How to Draw Realistic Wood Grain Details with Colored Pencils
To render wood grain, I’ll be using Prismacolor thick lead pencils and heavyweight white drawing paper. EmptyEasel has made it easier for artists to have their own website. Click here to learn more and get your own simple art website!
1. Always find a good resource
Different woods have different grain patterns, densities, and colors, so choosing the right one requires a lot of thought.
2. Start by drawing your board outlines
I prefer Prismacolor Raw Umber, but any color will do as long as it’s a light colored pencil. Leave some areas of the paper blank, such as on either side of the line where two boards meet.
3. Draw the wood grain and knots
The illusion of light coming from inside the wood grain is created by a few cracks radiating from the knot in the middle of the plank.
4. Add extra detail by drawing old nails and cracks
I sketched in the wood grain with a freshly sharpened pencil and light pressure after adding nails; at this point, I’m more concerned with establishing the shape and placement of wood grain than creating detail, so I’ve only used Raw Umber.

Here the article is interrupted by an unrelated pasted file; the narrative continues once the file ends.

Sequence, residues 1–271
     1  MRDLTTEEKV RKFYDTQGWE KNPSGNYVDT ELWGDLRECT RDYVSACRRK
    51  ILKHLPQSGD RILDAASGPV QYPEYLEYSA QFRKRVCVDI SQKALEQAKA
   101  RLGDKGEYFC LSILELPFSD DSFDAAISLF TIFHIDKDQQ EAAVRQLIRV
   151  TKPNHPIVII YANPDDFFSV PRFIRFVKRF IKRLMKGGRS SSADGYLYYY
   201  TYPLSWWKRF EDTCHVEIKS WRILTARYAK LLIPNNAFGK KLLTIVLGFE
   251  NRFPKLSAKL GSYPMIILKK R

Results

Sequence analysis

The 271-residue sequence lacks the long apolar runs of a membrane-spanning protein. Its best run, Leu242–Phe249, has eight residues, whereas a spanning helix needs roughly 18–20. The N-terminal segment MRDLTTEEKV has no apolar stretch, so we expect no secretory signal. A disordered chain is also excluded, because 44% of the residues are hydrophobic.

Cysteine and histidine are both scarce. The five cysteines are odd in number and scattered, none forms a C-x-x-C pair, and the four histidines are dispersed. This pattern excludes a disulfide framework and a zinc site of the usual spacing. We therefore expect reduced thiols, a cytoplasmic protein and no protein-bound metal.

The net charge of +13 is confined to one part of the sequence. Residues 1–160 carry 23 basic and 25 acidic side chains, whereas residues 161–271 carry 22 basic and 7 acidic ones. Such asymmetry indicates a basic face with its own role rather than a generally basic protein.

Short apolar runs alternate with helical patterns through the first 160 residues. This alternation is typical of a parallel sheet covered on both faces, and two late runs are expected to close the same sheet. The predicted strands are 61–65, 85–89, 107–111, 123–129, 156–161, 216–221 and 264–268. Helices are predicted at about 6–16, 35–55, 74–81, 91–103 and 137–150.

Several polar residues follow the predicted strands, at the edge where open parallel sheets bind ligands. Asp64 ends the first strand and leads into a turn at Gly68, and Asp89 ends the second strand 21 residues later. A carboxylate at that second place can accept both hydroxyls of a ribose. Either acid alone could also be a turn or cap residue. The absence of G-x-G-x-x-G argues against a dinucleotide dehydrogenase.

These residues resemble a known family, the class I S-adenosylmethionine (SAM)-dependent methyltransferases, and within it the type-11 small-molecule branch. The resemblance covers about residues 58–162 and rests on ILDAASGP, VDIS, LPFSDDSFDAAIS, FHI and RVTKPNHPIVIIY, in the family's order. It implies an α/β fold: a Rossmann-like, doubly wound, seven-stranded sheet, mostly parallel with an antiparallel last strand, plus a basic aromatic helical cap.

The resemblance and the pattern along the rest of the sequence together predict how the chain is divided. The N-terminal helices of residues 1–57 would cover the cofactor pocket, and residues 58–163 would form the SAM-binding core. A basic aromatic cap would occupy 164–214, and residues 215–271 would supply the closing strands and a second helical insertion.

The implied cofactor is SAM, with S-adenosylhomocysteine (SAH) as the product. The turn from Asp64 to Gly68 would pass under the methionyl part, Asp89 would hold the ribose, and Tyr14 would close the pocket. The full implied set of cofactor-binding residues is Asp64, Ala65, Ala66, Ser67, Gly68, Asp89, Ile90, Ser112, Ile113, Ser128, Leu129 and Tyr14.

5. Layer more colors into the wood, nails, and knots
In Section A, I used Sienna Brown as the base color, Dark Umber for the shaded edge, and Jasmine for the lighted edge of the nail. In Section B, I used the tip of the pencil to apply layers of Warm Gray 60% to create overlapping, vertical strokes.
How do you make texture with colored pencils?
Using hatching and cross-hatching, stippling (tapping), circular strokes, and random strokes, layer colors to create texture. Each layer of color adds depth to the texture, creating light and dark patterns that mimic the texture of your subject.
How do you draw texture?
How to Put It Into Practice
- Lay your paper on the textured surface, using tape to hold it in place if the surface is vertical.
- Make side-to-side strokes across your paper with the side of your drawing tool (not the tip), trying to keep the strokes together and avoid any gaps.